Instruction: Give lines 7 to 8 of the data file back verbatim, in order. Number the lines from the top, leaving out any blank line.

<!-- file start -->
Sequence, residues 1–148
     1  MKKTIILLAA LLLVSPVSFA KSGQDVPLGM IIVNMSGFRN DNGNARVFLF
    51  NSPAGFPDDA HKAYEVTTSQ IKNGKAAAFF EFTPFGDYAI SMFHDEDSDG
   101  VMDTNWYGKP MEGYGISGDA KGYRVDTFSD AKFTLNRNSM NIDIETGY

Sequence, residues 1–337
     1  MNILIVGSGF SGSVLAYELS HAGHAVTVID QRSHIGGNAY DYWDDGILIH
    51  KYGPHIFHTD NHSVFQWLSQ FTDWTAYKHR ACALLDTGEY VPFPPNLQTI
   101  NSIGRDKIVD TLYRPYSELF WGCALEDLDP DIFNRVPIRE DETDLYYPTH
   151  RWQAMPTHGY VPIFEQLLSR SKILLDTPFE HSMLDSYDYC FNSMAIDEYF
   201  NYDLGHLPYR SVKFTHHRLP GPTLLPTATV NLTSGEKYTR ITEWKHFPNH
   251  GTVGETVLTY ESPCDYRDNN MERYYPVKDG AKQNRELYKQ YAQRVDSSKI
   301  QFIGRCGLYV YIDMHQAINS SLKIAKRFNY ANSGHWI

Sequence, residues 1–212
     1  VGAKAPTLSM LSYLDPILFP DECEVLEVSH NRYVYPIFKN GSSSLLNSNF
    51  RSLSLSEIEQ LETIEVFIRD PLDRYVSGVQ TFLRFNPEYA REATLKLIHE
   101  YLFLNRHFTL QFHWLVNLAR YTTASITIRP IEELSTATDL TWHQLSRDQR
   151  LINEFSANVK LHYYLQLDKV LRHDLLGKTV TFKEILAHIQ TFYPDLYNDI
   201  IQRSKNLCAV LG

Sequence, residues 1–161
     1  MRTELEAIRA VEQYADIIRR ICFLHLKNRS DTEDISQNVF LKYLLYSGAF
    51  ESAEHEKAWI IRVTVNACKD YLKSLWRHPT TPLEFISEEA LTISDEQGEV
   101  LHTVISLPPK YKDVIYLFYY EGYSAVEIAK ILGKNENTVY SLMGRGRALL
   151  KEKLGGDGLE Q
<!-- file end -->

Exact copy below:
    51  KYGPHIFHTD NHSVFQWLSQ FTDWTAYKHR ACALLDTGEY VPFPPNLQTI
   101  NSIGRDKIVD TLYRPYSELF WGCALEDLDP DIFNRVPIRE DETDLYYPTH